posted on Nov, 8 2007 @ 04:54 AM
In the last 1000 years (500 really) humans have gone from living in isolated pockets of land with barely no knowledge of the existence of the rest of
the planet, to exploring and to a point populating every extremity, from the highest peak to the deepest ocean trench. No doubt, when this planet is
formally recognized as being unable to sustain life properly, and technology permits, humans will begin to populate other planets.
By that time, Mars will probably have a breathable atmosphere thanks to human engineering, and thus small asteroids will be burnt up like they are
here on earth, and the big ones, like the one that caused the Siberian explosion, will have a tiny chance of hitting population points, a smaller
chance even than earth has, because on Mars population centres will be tightly condensed around one point due to commodity supply. I'm not sure what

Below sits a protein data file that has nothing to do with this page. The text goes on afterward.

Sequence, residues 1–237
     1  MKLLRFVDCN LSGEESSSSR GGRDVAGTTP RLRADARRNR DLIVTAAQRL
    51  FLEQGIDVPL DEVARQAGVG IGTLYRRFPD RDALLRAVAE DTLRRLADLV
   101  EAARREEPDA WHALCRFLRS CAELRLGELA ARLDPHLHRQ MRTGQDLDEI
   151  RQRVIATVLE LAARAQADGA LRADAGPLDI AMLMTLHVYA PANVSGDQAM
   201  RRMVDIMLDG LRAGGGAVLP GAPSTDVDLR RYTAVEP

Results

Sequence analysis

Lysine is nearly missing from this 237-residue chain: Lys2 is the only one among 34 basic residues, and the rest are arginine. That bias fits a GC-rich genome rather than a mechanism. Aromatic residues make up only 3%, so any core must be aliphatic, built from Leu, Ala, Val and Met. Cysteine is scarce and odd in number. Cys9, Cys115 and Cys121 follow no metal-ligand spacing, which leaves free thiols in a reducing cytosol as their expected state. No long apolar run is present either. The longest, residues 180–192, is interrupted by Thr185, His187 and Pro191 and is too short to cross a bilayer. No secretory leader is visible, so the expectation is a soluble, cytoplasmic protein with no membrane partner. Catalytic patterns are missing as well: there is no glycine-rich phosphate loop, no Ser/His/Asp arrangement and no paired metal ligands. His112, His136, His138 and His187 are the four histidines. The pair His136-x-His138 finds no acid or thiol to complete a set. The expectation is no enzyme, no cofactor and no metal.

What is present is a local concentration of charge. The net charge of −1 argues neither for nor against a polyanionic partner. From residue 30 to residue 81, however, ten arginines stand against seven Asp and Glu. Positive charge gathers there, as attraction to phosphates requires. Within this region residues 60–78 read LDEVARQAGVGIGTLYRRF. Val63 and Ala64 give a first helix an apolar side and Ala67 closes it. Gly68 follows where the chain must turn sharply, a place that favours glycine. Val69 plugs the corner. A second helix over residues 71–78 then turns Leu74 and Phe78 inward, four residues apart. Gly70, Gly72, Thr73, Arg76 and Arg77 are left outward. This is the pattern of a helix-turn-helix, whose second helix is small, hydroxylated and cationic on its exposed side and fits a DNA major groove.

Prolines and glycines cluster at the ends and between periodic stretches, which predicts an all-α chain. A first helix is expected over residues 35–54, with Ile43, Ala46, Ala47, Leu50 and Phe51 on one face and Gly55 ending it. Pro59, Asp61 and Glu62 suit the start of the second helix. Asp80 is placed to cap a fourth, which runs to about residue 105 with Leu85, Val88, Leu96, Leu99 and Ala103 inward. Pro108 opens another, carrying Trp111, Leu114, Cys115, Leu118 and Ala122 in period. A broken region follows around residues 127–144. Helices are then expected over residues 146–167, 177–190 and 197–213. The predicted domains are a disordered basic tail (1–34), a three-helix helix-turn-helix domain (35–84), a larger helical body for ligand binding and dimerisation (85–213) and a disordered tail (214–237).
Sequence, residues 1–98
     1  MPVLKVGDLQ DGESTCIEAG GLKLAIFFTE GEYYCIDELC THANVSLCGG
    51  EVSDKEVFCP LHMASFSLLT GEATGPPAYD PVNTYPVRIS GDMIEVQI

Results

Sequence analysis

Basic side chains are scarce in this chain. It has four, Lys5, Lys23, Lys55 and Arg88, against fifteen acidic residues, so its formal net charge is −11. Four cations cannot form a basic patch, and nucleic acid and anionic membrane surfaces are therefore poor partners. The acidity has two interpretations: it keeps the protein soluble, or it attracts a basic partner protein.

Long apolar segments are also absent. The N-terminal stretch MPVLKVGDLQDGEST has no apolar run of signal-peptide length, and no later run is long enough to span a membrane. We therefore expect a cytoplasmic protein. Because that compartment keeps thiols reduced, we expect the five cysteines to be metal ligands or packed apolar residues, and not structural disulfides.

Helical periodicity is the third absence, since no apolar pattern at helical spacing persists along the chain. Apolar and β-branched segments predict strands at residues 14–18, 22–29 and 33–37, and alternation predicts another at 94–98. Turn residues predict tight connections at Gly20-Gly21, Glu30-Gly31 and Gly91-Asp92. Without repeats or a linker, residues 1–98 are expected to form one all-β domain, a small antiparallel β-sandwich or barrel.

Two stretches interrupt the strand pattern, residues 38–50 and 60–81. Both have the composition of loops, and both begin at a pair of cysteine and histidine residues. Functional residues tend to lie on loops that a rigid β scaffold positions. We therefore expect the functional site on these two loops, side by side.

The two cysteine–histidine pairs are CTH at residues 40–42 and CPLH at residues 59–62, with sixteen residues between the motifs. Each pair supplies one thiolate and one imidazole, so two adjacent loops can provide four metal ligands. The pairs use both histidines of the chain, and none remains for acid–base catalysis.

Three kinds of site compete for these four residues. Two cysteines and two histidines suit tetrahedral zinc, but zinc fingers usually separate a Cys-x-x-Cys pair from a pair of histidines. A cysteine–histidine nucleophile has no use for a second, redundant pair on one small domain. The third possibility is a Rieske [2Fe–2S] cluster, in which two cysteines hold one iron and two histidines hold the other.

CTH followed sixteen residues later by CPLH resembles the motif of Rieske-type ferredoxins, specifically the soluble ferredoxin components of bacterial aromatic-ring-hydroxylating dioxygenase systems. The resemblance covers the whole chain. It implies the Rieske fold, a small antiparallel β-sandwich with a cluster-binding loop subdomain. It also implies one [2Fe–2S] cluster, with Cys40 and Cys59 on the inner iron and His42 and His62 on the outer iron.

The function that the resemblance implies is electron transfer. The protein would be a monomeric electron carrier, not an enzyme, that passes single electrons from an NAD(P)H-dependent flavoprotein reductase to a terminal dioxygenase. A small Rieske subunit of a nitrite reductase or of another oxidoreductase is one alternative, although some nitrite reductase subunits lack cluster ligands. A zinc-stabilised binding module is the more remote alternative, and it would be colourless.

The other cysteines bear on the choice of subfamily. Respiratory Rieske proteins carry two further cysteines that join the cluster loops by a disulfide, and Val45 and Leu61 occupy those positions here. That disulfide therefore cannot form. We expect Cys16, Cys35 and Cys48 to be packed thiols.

you mean about a gravity pad. Are you talking about something that creates an artificial gravity feild to replicate the 1G we feel here on earth? In
that case, probably not. The technology to make something like that isn't around. The only artificial gravity we can really come up with is
centrifugal force, but even that isn't all that effective due to the Coriolis effect.
Evolution will become an issue after a few generations are born and raised on another planet with a reduced gravity. Like Clarke proposed in his
Space Odyssey novels, there are going to be complications when a body so used to a .5G environment is forced into a 1G one. I can't really
think of a way around that . . . but it may not be that important at all.
I guess there's only one way to find out.